Having been thusly scared into slow, creeping, deliberate movement, you take time to notice the aesthetics of the planet. Cavern, cavern, and more cavern. There's very little variation between any two given areas, but almost all caves appear similar no matter what stretch of the galaxy you're exploring. Each one, however, lays before you a different set of challenges - new nooks and crannies to blast open, bomb through, and explore in hopes of finding all the items necessary to complete the quest. Objects like the Spider Ball, which helps you crawl tall walls, and the Space Jump, with which one could theoretically jump all the way across the infinite void, make for underground expanses of harrowing height and depth. Scattered about these deep pockets of igneous rock and abandoned technology are your targets, awaiting any sort of fresh meat they can sink their meat hooks into, even if they have to crack a hard metal shell to get to it.
Most heroes seem to have an orchestra pit following them at all times, but not so for our lone bounty hunter. With the exception of the main hub area, it is as if the traveling minstrels are afraid to follow Samus into the darker recesses of the planet, and your stomach drops out at the same time as the music. The little beeps and boops aren't music; they're background tittering - routine alien sounds and terrestrial shifting. This ambient noise fills in for the main theme, laying the natural atmosphere on thick. With few aural clues to guide you, mazes become overwhelming and even backtracking on a route once makes it feel like an entirely new area. And the closer to SR388's core one gets, the more guttural and pounding the noises become. The pulse quickens with each subsequent stomp, slowly bringing the game to a climax that's nothing short of terrifying.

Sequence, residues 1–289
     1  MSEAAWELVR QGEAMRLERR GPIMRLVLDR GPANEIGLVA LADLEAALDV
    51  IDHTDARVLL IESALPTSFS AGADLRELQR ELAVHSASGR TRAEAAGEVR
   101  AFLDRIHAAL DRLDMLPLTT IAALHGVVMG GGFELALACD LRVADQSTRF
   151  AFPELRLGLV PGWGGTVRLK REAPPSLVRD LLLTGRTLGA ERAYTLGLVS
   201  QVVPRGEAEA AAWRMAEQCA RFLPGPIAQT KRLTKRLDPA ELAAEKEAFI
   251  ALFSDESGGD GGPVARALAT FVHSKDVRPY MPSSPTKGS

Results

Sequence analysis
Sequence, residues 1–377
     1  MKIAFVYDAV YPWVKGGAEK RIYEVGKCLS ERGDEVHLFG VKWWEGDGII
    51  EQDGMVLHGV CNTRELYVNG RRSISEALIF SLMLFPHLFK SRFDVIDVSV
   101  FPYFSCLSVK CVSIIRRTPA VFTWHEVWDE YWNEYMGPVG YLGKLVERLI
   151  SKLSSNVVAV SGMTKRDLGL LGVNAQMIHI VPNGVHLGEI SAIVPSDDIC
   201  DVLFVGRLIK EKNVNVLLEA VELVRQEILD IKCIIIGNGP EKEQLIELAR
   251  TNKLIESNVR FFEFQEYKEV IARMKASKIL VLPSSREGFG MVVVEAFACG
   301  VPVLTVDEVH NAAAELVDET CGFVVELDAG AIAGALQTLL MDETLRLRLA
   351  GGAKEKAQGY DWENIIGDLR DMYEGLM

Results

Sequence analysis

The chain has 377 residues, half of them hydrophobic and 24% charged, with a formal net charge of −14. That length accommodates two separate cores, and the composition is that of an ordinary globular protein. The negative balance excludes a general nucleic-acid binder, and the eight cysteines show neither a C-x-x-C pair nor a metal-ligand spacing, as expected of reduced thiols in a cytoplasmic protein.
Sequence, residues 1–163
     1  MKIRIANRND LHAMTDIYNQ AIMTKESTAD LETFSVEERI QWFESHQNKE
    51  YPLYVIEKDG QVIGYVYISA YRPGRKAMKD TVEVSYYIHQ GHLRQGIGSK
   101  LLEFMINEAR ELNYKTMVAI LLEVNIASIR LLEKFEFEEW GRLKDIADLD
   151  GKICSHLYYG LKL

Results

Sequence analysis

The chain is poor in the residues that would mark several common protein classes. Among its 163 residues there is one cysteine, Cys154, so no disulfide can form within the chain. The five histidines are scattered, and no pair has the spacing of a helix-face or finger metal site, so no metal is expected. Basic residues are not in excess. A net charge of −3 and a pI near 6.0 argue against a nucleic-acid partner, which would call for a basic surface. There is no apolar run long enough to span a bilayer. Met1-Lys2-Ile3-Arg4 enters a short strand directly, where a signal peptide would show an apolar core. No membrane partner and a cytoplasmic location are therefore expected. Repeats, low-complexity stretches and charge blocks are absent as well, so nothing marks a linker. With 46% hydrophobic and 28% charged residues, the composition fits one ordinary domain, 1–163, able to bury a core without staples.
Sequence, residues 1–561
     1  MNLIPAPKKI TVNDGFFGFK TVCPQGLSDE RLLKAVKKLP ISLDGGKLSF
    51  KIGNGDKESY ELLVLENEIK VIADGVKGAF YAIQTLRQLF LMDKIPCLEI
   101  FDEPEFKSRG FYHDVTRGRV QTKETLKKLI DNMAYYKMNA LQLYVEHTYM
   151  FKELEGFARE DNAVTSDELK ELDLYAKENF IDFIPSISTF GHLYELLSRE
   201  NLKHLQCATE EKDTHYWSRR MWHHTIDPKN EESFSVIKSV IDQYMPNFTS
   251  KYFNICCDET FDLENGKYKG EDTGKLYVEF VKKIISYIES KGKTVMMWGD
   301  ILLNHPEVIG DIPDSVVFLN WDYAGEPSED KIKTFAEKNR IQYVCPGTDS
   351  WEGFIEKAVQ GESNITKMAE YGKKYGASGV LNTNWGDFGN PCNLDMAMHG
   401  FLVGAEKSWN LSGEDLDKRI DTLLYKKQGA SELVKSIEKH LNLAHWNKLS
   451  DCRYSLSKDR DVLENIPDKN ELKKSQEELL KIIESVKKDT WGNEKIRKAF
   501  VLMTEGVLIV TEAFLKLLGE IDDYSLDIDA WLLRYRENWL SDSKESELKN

When all the elements gel, Metroid II soars to one of the highest positions among its brethren - the series best, some might even contend. There are a few issues, like the stiffness of Samus's body and control (especially evident in midair) and the relative short length of the game. When it's over, you cry for more, but there is nothing more the game can offer. All it has for you is its humble mix of primitive spinach-green survival horror and good old-fashioned adventure, and it will offer you this until one of you taps out. Odds are the cartridge won't go down without a fight. Hopefully, you won't have to struggle with Metroid II to enjoy it, for there is plenty to relish in its own right. It's solid entertainment that, unlike the other Metroid games (save for Super), has the capacity to empty a person's stomach contents from no less than three orifices at once in the proper conditions. Between shoplifting and not having a copy of this game, I'd say the latter is the worse crime.
Wait ..... something moved. What was that noise? Is something coming? I don't feel too safe walking down this dank corridor.....
Community review by snowdragon (June 08, 2004)